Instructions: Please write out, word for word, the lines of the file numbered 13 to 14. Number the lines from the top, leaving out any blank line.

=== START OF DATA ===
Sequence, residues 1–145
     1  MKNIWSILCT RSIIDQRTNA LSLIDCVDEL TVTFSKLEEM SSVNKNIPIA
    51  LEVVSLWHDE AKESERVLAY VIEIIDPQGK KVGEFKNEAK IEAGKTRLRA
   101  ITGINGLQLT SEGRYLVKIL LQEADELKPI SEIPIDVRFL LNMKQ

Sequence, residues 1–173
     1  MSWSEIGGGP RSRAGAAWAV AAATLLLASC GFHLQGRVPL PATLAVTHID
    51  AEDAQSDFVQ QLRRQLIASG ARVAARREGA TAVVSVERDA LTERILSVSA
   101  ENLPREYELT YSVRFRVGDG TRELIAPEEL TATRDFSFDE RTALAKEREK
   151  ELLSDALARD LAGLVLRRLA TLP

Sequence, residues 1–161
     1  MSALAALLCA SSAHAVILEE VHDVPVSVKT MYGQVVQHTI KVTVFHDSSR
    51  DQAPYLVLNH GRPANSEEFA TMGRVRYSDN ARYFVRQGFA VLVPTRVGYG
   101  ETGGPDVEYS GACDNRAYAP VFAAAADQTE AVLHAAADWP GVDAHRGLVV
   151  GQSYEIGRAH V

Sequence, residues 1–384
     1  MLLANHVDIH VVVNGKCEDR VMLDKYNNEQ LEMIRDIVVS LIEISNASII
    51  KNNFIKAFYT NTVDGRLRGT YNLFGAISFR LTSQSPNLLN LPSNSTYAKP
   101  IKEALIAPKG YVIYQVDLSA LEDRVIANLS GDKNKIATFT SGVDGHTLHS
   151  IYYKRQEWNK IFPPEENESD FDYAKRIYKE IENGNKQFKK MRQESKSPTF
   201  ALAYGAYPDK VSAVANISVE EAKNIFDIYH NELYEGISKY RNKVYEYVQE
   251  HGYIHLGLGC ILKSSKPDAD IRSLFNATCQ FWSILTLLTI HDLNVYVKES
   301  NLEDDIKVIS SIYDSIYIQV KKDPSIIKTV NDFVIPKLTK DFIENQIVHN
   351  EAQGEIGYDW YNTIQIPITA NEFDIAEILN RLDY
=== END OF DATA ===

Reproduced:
   101  ETGGPDVEYS GACDNRAYAP VFAAAADQTE AVLHAAADWP GVDAHRGLVV
   151  GQSYEIGRAH V